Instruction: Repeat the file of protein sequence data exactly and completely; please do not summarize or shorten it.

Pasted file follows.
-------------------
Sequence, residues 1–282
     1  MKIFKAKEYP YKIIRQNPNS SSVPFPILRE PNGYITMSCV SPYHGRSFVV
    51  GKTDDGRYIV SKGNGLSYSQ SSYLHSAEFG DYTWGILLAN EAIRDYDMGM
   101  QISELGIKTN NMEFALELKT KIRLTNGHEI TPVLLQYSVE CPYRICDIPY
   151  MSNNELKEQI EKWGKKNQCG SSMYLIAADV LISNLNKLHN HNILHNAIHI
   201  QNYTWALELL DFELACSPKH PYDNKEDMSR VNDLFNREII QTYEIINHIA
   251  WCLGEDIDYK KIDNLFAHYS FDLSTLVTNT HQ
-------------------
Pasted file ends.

Sequence, residues 1–282
     1  MKIFKAKEYP YKIIRQNPNS SSVPFPILRE PNGYITMSCV SPYHGRSFVV
    51  GKTDDGRYIV SKGNGLSYSQ SSYLHSAEFG DYTWGILLAN EAIRDYDMGM
   101  QISELGIKTN NMEFALELKT KIRLTNGHEI TPVLLQYSVE CPYRICDIPY
   151  MSNNELKEQI EKWGKKNQCG SSMYLIAADV LISNLNKLHN HNILHNAIHI
   201  QNYTWALELL DFELACSPKH PYDNKEDMSR VNDLFNREII QTYEIINHIA
   251  WCLGEDIDYK KIDNLFAHYS FDLSTLVTNT HQ